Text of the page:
by Veterinary Practice News Editors | February 9, 2017 12:39 pm
Homeopathy is one of several disciplines used by holistic-oriented veterinarians. Due to its “unusual” nature, it is often misunderstood by many practitioners and therefore discounted as a worthless therapy.
This article addresses some of the more commonly asked questions about homeopathy.
Homeopathy is a healing modality developed by Dr. Samuel Hahnemann in the late 1700s. He was appalled by medicine’s goal then of getting the bad out through techniques such as bleeding, leeching, and inducing vomiting and diarrhea, He realized that some substances in diluted forms would cure the diseases the substances caused, if taken at full strength.
The roots of homeopathy go back to Hippocrates, Paracelsus, and the Mayans, Chinese, Greeks, Asian and American Indians and Egyptians. All used the philosophy “like cures like.”
Hippocrates and other Greek physicians observed that if a person chronically ill with one disease was infected with a more severe disease that had similar symptoms, the chronic disease would disappear upon recovery from the acute, stronger disease.
All older medicinal systems that have persisted through the ages share recognition of an underlying energy component described as prana, chi, spirit or another name.
Hahnemann was the first to create a well-organized system of medicine capable of treating most ailments, even treating the underlying tendency to become ill. His book “The Organon” explains the principles and philosophy of homeopathic practice and is still the primary text for homeopathic students today.
Though based on human work, homeopathic medicine works well with animals. The potentized—diluted and succussed—medicines are tested on healthy people, and the details about the symptoms produced are recorded in Materia medica.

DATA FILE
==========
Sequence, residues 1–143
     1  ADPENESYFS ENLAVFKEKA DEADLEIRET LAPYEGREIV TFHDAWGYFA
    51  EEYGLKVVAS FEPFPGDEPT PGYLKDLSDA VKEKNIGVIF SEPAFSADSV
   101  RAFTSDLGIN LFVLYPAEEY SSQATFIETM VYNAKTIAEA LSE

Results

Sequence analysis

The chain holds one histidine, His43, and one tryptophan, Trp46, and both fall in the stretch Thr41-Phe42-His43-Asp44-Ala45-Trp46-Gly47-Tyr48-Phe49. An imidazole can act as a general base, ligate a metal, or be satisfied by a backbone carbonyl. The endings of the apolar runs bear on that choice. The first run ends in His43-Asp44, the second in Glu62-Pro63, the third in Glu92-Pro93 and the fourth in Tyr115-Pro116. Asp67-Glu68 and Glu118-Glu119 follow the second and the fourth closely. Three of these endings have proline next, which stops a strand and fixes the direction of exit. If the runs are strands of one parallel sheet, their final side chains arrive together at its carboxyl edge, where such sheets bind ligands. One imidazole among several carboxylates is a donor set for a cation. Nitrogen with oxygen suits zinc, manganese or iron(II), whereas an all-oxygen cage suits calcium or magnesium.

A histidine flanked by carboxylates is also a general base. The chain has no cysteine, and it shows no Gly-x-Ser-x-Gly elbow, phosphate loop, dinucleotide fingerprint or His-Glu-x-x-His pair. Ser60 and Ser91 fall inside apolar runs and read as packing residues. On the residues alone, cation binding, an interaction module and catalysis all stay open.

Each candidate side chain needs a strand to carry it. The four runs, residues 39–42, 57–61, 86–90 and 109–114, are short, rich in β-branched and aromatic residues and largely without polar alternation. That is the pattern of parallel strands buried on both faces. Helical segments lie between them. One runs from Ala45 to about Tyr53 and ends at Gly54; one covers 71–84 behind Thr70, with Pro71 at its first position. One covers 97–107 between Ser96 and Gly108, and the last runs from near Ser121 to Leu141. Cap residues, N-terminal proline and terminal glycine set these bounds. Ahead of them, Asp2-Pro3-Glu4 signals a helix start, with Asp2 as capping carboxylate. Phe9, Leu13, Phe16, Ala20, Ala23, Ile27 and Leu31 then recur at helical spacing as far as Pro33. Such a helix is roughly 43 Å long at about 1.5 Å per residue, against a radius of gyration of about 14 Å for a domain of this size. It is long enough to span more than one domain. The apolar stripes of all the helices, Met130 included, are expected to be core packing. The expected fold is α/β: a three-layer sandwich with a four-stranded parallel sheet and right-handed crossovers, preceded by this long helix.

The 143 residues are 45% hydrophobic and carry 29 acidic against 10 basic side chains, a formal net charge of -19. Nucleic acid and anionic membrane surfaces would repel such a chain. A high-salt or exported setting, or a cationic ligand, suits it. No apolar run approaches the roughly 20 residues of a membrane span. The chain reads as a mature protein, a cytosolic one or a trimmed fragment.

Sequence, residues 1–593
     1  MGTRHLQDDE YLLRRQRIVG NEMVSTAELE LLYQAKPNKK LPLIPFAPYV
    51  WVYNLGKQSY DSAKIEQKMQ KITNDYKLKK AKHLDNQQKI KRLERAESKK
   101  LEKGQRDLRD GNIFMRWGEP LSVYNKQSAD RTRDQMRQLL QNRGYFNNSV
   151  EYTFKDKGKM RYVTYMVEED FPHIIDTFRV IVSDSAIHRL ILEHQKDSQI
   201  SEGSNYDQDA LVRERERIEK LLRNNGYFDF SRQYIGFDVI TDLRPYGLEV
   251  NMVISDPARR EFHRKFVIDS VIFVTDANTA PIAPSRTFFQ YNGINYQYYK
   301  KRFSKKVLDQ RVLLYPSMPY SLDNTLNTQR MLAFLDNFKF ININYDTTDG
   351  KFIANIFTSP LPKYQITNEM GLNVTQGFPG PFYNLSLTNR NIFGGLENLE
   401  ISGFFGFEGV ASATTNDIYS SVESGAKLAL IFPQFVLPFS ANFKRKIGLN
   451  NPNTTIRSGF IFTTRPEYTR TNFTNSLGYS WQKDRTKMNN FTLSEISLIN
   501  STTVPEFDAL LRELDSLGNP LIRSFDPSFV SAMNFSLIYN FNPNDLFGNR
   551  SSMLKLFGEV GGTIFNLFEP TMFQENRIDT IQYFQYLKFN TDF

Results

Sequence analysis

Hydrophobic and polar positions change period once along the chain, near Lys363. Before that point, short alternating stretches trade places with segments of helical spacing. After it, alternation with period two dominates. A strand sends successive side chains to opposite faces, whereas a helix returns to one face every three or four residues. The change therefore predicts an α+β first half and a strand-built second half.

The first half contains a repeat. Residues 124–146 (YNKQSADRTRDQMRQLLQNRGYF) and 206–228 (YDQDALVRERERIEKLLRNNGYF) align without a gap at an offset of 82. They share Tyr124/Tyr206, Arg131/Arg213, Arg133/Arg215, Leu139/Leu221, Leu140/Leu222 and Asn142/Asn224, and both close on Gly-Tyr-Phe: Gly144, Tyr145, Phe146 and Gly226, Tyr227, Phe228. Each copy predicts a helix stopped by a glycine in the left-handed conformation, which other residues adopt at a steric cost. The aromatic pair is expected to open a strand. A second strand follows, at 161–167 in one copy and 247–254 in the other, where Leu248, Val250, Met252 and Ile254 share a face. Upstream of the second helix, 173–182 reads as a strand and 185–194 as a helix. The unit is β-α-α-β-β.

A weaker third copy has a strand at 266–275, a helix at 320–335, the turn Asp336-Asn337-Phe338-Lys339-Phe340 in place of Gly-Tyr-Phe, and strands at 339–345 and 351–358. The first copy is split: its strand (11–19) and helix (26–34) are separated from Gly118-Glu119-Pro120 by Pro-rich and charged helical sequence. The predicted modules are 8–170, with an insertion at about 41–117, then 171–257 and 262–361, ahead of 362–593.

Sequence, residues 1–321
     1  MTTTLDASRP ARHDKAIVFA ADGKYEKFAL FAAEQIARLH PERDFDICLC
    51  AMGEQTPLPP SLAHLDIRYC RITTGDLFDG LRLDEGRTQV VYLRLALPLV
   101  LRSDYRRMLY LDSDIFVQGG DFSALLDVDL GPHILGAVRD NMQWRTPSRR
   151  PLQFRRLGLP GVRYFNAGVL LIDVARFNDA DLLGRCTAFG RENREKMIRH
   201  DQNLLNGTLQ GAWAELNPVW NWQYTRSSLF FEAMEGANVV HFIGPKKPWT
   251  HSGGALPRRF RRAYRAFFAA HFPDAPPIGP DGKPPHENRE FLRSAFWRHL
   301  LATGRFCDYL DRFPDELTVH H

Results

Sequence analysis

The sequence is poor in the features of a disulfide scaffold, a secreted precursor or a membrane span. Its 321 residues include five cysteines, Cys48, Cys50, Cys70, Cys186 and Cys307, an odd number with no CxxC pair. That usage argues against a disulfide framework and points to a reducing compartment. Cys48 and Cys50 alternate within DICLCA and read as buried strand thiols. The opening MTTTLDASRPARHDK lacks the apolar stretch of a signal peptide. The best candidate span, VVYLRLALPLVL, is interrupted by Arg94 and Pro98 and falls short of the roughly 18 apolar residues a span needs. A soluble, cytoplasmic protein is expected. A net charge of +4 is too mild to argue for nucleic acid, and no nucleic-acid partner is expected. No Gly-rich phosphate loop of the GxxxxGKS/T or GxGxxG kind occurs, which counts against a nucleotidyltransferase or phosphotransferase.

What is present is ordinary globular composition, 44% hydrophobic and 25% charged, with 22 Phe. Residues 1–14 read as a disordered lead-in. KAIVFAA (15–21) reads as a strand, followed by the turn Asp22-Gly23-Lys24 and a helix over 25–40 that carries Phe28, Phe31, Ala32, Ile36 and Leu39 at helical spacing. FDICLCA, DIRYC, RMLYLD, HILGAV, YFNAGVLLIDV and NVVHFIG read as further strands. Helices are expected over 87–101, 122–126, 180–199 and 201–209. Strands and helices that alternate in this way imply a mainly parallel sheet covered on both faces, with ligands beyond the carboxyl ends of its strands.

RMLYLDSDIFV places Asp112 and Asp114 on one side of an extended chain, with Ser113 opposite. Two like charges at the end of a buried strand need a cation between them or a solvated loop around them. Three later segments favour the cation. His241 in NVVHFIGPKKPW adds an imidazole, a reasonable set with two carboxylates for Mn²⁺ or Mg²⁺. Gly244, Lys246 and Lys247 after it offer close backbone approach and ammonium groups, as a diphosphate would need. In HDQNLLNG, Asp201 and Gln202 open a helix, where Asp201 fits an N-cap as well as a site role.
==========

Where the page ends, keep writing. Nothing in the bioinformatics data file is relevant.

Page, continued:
For the same reason they choose any naturopathic modality. Many people are frustrated with chronic diseases. Rather than simply treat disease, homeopathy seeks to cure it. This means the symptoms of the disease are gone and the patient feels better and has no new symptoms. Ideally, no further treatment is necessary. If a cure is not achieved, further treatment with homeopathy or other modalities can be prescribed.
Homeopathy is a holistic discipline. Other principles of good health, such as diet, exercise, reduced vaccinations, decreased use of conventional medications and chemicals, and removal of stressors, are part of the process of restoring health.
Veterinarians who practice homeopathy have found it to be a gentle, safe and effective medical system that offers a true cure to many patients. I typically combine it with several integrative modalities for the best results.
Before answering that important question, it’s equally fair to ask where is the proof for any therapy that doctors use in practice?
America Veterinary Medical Association guidelines recognize that most therapies that veterinarians use have not been subjected to rigorous clinical trials but rather based on extrapolation from other species or other uses and on clinical expertise.
With this in mind, if it’s fair to use conventional therapies without “proof” via clinical trials, it is equally fair to use holistic therapies without “proof” via clinical trials. Having stated this, studies have shown the safety and efficacy of homeopathy, as have numerous case studies in private practice.
When I started using holistic therapies, it was hard for me to get on board with homeopathy because I doubted it could work. After doing more research—and, more importantly, after I started using homeopathy in my practice and seeing positive results when other therapies, including conventional medications, failed to help my patients—I became a believer.